Queensland Leading the Way for Nation-Wide Innovation

The Honourable Minister outlined her state's agenda for innovation moving forward.

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The advances businesses have made around the world using technology mean that companies and even governments are now forced to innovate in order to match the experience that citizens receive from the industry sector.

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Minister Enoch emphasised that innovation has always existed – it’s now just more pervasive than ever.

The Honourable Leeanne Enoch, Minister for Innovation, Science and the Digital Economy for Queensland opened CxO Disrupt, Brisbane outlining the key steps her state is taking to match the citizen experience against retail and financial organisations.

She began her speech by noting that the world is rapidly changing, especially through the development of technologies such as AI, IoT and autonomous vehicles.

“Over the next 10 years, we are likely to experience the equivalent of 100 years of change – that’s how fast things are happening.”

Such a fast-moving society may scare some people, but Minister Enoch reassured the audience that innovation is nothing new – it’s been happening since time immemorial.

“What is new, however, is our need for a laser-sharp focus on innovation in everything we do because, through innovation, we’re going to see growth in business and our economy.”

The Minister explained how through their Advance Queensland initiative, a $420 million whole of government undertaking, the Sunshine State is backing innovative ideas, supporting local businesses to start and grow as well as creating new jobs.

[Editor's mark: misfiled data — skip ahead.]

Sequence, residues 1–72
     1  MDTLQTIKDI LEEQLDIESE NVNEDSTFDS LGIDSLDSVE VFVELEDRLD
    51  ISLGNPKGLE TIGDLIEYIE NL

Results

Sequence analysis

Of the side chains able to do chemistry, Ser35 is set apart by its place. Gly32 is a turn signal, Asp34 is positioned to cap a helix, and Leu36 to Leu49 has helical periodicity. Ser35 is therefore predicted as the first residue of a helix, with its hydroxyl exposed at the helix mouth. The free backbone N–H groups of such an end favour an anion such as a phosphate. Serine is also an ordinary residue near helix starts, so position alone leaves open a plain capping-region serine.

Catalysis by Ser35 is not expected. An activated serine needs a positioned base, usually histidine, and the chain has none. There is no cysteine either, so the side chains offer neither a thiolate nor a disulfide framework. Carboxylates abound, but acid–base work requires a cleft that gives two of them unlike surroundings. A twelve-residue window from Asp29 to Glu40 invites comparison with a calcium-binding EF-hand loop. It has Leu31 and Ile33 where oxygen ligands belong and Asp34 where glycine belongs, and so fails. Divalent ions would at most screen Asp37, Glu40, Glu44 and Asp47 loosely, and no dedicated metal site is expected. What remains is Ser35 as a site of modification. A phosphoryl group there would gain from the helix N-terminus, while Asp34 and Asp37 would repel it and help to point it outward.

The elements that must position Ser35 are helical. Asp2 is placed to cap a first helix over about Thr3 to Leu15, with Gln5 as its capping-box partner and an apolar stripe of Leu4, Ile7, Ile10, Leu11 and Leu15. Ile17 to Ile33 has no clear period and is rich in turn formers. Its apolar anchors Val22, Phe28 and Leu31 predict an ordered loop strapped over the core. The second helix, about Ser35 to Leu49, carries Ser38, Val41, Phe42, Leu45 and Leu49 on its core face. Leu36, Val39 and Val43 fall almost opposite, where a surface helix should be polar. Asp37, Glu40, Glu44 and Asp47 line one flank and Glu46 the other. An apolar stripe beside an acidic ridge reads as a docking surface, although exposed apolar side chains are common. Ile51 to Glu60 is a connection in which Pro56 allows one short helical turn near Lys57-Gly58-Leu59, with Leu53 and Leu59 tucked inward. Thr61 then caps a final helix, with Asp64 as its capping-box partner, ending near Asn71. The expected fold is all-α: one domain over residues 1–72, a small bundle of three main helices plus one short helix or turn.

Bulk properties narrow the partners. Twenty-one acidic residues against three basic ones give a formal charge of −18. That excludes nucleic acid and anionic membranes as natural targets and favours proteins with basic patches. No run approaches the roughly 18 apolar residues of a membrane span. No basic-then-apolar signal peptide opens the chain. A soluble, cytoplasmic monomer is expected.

“We’re looking to improve the lives of all Queenslanders by investing in research and technologies, attracting new capital and building global partnerships.”

Minister Enoch emphasised the need for a strong digital infrastructure to underpin whatever transformation journey those in attendance were undertaking.

“All of us can work so hard in that space of innovation and uptake in terms of technology, but if we don’t have the right digital infrastructure, then it’s not going to work.”

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She highlighted the need for a strong digital infrastructure to underpin any innovations.

The minister emphasised the need to be proactive in finding ways to innovate, noting that it comes to those who seek it, not those who merely wait.

“There is no benefit in waiting passively, hoping for opportunity to find us. The digital revolution affects all of us – the time for us to act, change, grow and innovate is now.”

Queensland is now leading the country in terms of innovation, with the state putting everybody else on notice with this clear signal of how committed they are to fostering the future of technology.